The Reformation as Renewal: Retrieving the One, Holy, Catholic, and Apostolic Church by Matthew Barrett
Chapter 2: Spiritual Assent and Mystical Dissent
Chapter 3: Faith Seeking Understanding
Due to various factors, I am going to make these summaries shorter. I hope they clarify some important matters and motivate you to go deeper into the Protestant tradition.
I will again be adding some of my own reflections…
In chapter 2, Barrett covers various monastic orders and mystical movements of the medieval period. A few thoughts…
It is all too easy for us Protestants to discount or discard all together the best of the monastic and mystical traditions. My two short, yet good recommendations to correct this problem are:
The Rule of St. Benedict and Of the Imitation of Christ by Thomas à Kempis (William C. Creasy, ed.)
In closing out chapter 2, we must remember that the late Middle Ages was hardly a “spiritual graveyard, lifeless and full of darkness.” (Barrett, p. 69)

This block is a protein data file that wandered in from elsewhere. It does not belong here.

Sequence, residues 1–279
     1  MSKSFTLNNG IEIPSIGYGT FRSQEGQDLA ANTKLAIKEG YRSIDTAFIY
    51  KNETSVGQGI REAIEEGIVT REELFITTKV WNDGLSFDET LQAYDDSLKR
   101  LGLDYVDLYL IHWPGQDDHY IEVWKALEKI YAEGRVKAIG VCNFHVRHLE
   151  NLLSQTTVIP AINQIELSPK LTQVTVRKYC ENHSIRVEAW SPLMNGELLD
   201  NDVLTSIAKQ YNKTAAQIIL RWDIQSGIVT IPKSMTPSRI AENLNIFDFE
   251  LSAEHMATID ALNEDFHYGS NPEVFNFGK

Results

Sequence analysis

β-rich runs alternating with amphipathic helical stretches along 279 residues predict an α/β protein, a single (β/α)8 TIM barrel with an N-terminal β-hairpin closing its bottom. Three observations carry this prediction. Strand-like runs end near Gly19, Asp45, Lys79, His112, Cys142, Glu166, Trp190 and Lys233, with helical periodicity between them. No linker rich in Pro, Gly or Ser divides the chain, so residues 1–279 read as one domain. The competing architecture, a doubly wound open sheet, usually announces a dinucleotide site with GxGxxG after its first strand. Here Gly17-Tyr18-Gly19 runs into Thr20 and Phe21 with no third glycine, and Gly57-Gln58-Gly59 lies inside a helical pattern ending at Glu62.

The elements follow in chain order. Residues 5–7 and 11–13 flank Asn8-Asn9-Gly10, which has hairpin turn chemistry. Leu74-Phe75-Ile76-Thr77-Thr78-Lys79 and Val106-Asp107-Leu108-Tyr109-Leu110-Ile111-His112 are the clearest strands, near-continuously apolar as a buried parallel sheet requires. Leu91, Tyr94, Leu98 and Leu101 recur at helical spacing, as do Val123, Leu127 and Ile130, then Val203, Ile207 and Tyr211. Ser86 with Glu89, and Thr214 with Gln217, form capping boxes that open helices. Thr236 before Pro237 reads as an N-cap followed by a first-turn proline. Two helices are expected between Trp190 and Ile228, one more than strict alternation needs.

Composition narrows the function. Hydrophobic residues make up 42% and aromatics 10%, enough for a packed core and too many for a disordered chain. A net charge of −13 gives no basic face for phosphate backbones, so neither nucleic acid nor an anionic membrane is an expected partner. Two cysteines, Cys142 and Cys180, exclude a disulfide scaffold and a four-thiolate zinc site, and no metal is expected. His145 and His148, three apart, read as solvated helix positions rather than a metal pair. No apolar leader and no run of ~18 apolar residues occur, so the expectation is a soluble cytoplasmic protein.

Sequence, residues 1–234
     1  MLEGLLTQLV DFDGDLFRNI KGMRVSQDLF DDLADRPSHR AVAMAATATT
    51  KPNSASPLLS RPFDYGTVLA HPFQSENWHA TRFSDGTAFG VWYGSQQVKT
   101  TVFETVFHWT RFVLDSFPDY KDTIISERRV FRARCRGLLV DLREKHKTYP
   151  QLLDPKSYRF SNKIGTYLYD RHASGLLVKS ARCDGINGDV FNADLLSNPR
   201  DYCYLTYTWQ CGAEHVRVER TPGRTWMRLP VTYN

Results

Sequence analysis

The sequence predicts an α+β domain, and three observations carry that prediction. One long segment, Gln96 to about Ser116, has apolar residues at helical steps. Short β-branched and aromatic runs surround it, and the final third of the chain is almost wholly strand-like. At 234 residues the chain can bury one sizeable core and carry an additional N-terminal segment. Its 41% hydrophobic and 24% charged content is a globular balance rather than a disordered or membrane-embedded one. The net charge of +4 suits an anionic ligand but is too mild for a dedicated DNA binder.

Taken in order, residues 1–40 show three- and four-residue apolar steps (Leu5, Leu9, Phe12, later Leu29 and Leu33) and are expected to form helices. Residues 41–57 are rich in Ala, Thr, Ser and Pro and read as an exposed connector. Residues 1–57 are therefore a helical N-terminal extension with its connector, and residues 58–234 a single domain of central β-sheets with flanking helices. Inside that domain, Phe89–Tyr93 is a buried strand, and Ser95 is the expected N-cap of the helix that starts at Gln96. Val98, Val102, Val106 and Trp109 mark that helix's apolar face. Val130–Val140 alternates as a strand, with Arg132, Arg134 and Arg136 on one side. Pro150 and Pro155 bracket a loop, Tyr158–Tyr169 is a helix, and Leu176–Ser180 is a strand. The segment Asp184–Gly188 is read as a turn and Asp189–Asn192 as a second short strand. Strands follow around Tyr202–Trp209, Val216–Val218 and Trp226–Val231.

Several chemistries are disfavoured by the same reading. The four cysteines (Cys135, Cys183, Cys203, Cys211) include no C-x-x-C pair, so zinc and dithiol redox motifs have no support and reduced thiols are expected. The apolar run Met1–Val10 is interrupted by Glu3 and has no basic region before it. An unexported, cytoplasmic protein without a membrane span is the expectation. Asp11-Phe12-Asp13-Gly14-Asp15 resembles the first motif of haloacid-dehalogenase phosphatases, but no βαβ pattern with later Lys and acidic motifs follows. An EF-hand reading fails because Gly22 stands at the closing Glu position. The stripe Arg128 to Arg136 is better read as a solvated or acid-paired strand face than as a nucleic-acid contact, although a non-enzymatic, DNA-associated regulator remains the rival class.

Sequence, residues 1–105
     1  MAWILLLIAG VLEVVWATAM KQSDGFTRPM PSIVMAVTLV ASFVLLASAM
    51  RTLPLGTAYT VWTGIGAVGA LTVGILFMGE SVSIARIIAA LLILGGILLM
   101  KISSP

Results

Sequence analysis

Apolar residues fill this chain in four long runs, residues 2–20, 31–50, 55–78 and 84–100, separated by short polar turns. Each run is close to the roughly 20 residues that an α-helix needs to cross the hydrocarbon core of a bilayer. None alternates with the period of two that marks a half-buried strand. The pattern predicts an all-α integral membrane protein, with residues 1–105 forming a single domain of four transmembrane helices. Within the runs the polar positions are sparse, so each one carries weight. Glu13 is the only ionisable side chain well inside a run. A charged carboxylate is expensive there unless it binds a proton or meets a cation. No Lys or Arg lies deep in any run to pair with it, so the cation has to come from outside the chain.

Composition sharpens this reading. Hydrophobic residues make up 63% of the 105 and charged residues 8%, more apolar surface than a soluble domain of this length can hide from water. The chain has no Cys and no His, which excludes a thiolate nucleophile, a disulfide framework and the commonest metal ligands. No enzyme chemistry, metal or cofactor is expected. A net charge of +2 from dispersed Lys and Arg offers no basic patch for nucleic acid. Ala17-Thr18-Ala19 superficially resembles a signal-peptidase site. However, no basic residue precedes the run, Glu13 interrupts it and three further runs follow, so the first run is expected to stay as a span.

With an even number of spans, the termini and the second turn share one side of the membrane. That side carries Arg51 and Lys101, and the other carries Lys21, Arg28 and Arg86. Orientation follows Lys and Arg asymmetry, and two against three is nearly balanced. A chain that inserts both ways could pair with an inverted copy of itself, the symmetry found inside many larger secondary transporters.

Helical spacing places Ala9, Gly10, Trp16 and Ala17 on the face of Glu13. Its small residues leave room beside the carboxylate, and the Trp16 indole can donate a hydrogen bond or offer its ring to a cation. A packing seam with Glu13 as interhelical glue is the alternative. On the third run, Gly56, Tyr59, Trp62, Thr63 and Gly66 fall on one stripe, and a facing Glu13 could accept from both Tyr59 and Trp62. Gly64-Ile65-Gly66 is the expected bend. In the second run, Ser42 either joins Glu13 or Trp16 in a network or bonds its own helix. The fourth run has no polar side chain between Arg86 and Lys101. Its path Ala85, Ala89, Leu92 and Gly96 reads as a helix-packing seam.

Chapter 3 covers one of my favorite topics: faith seeking understanding. Too many conservative Christians in the West are confused about what biblical faith is and what faith entails. Biblical faith is neither a subjective wish-fulfillment nor is it mathematical certitude. People like Augustine and Anselm invite us to appreciate that there is both struggle and increasing clarity that comes from trusting in God.
A seminal book for me, and one that I regularly recommend is: Lesslie Newbigin’s Proper Confidence: Faith, Doubt, and Certainty in Christian Discipleship. Newbigin makes a compelling case that many Christians view faith as almost mathematical certainty or on the other side of things, as simply a subjective choice.
If you are looking for a clear introduction to church history, I would recommend Church History in Plain Language, fifth edition, by Bruce L. Shelley.